Make It Seem Intentional
To me, Wes Anderson’s movies have always been something magical. Few filmmakers are able to do something that touches me in such a way. They have the power to hit both the rational and the emotional sweet spot.
With a very unique aesthetic and storytelling that focuses almost obsessively on the little details, his movies are like small worlds that fuse color, sound, and characters like no one else.
Each of his movies is, in a way, unique. Just like his style. Within them, there is an entire world-building approach. They all share some of the same elements while keeping their originality intact.
There’s always the characteristic centered shots that place the action in a frame that has sort of become his signature, but it doesn’t stop there. There’s also the music. Few directors are able to choose the perfect song for the right moment as he does. The same happens with his colors. They perfectly encompass the mood that each of his movies seems to communicate.
Watching The French Dispatch felt like entering Anderson’s world in the purest form. It was like exploring his mind and walking side by side with his influences. This isn’t the first time his movies explore this resource. Actually, which artist doesn’t make use of this technique? Isn’t art a form of stealing? However, this movie was different.
This post isn’t really about The French Dispatch, but rather about an idea that is expressed recurrently in it. When a mistake shows up, just make it look intentional.
The French Dispatch
It is hard to put into words what this movie felt like. At the risk of failing to do it correctly, I felt it was a mixture of Anderson’s influences, all perfectly combined with one another to produce something that both resembles and moves away from his previous work. It was Anderson being himself, but at the same time, it was something different from everything else he has done.
Movies are something very personal. Each of us connects to them in a special and unique way. As a viewer, I sometimes wonder what it is like for the director and his crew to create something out of nothing. More importantly, I wonder whether the things they make us feel are done in an intentional way. Maybe we are all just trying to look for things where there is none.
One of the things that sometimes bothers me when watching a movie is being unable to understand what the director is trying to say. There isn’t even a way to know what the intention was. But, shouldn’t this sensation of uncertainty be normal?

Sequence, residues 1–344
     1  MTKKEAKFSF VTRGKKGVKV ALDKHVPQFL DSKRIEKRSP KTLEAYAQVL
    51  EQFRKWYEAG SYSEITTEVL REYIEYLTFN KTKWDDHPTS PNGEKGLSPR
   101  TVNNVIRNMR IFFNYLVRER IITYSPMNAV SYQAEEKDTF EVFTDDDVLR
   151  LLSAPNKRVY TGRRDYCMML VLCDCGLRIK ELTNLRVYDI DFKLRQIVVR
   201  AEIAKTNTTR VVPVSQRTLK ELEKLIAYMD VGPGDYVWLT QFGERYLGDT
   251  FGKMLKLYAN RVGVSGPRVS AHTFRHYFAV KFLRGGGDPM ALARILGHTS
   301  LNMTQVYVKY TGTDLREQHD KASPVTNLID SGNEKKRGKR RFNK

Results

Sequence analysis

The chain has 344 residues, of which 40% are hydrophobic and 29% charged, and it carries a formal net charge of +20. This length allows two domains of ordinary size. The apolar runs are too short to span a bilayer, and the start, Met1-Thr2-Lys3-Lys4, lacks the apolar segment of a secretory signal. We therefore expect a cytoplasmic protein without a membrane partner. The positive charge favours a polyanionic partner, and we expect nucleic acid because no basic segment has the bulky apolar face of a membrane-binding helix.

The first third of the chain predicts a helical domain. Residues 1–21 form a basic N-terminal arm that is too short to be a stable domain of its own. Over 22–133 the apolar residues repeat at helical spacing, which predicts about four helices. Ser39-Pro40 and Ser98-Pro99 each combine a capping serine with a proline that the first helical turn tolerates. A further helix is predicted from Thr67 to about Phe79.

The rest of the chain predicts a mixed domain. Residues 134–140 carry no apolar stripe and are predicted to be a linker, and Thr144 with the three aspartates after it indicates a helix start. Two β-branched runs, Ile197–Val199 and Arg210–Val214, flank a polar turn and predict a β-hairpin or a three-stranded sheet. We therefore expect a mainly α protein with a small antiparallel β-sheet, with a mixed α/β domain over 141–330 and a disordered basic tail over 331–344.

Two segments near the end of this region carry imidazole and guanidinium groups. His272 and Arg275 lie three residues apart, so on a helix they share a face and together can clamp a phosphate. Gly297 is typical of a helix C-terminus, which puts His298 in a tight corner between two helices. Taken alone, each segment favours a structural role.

Each of us makes sense of the world in a unique way, so there shouldn’t be any shame in failing to grasp the movie as the director wanted it. I’m pretty sure many directors don’t even understand what they’ve done, even though sometimes viewers seem to think otherwise.
Is There Any Truth?
I don’t want to fall into some extreme relativism, but there’s something true to the idea that there’s no single interpretation of anything. In other words, there isn’t an absolute and underlying truth. No matter what the creative mind wants to do, there is always the possibility that the message is distorted. This is something that not only occurs in films. It also applies to other forms of expression like writing, painting, and even speaking itself.
However, the most wonderful thing can happen. We are able to understand, to grasp those implicit and explicit ideas and make sense of them. To me, this is what, ultimately, The French Dispatch was about.
Anderson put together a series of stories, all brought together by the story of a print magazine. The stories are not related to one another, except that they are written by people who work at the fictitious place known as The French Dispatch. Still, the movie tells us a story.
Just Play It Cool
Although hard to come to terms with, the idea that, as a creator, one does not have to make everything seem cool is just very liberating. There’s this underlying and totally wrong conception that everything a creative person does has to be embedded with intentional meaning.
I think that nothing can be farther away from the truth. Creative people are like everyone else, except that they are able to cross the barrier between being a mere consumer and actually doing something.
They are people like you and me, but they understand that the act of creating is something that doesn’t just happen. One has to pursue the creative act, nourish it and look after it.
Eventually, something will show up, even if it isn’t interpreted the way we would have wanted to. Sometimes, meaning arises even if there is no intentional meaning. That’s the beauty of creating. Something is produced out of nothing.
The important thing is that, no matter the result, we always play it cool. We just need to make everything seem intentional, even if it isn’t.
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